This Experiment of Green

AnjozianThisExperimentofGreenGreetingCard.jpg

5 X 7 card with envelope. Blank inside.

Item No. EXP925

Story on the back of the card:

We are here. On a planet that formed an oxygen environment, thanks, in part, to its verdant scene. Plants perform so many functions—in addition to producing oxygen—that make life possible for others who share in this Earth experience. Some plants, such as lupine (Lupinus spp.)—the flower on the front of this card I photographed in the Columbia River Gorge, in Stevenson, Washington—improve environmental conditions after dramatic disturbances. In the blast zone after the 1980 eruption of Mount St. Helens, dwarf mountain lupine (Lupinus lyallii, also known as Lupinus lepidus var. lobbii) was among the first plant species to reappear.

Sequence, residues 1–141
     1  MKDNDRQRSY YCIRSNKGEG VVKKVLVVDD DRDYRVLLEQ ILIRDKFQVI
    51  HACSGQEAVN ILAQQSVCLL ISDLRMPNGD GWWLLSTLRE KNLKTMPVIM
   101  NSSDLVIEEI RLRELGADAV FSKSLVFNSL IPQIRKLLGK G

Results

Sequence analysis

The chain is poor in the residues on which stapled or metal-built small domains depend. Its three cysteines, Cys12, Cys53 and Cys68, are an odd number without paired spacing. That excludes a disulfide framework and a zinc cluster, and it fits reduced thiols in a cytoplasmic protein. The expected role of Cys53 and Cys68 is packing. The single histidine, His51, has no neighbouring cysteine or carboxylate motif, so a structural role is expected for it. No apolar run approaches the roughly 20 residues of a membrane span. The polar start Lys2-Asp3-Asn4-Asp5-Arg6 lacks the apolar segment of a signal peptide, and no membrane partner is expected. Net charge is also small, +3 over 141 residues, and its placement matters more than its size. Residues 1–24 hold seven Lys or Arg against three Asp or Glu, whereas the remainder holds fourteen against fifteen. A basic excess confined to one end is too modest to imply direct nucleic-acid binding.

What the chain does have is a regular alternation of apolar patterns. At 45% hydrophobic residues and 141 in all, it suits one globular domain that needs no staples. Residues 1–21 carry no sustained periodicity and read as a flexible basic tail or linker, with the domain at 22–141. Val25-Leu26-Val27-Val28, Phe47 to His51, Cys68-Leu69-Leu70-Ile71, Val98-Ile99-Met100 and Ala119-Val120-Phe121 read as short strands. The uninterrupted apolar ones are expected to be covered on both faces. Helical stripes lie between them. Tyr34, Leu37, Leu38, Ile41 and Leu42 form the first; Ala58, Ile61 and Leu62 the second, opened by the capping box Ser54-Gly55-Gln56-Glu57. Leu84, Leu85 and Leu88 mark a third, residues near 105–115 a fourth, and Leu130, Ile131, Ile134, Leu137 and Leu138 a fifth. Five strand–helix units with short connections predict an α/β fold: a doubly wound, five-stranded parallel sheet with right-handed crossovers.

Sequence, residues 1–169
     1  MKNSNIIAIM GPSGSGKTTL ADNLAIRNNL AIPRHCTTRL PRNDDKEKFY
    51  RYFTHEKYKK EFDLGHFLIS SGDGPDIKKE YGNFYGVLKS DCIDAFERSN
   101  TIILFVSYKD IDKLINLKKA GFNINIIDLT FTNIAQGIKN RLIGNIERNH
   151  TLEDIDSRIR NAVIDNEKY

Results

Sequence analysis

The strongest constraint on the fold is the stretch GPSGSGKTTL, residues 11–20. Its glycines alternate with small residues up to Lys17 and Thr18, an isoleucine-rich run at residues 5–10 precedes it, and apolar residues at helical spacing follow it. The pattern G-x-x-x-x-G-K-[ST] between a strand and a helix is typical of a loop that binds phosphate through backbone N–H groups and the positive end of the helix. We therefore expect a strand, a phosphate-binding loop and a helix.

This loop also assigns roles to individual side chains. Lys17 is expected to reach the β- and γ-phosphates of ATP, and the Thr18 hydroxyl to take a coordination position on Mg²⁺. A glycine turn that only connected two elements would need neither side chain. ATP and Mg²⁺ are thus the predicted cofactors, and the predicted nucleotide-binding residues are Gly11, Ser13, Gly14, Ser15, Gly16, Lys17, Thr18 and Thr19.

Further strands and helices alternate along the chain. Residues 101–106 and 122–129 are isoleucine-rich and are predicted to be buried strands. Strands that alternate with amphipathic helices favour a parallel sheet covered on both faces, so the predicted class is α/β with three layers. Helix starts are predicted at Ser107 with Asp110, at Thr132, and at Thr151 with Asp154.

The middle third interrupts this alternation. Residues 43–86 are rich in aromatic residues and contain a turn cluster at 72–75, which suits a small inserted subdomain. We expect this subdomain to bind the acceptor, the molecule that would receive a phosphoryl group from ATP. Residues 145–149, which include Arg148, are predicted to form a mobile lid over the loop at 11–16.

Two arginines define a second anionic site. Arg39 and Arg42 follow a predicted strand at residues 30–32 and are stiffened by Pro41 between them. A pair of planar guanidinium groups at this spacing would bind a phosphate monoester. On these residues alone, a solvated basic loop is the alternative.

Lupine has a special relationship with nitrogen-gathering bacteria that live in its roots. It can grow well where soil is nutrient poor. By growing in these areas, lupine fixes nitrogen in the soil, fertilizing it. This allows other plants to establish.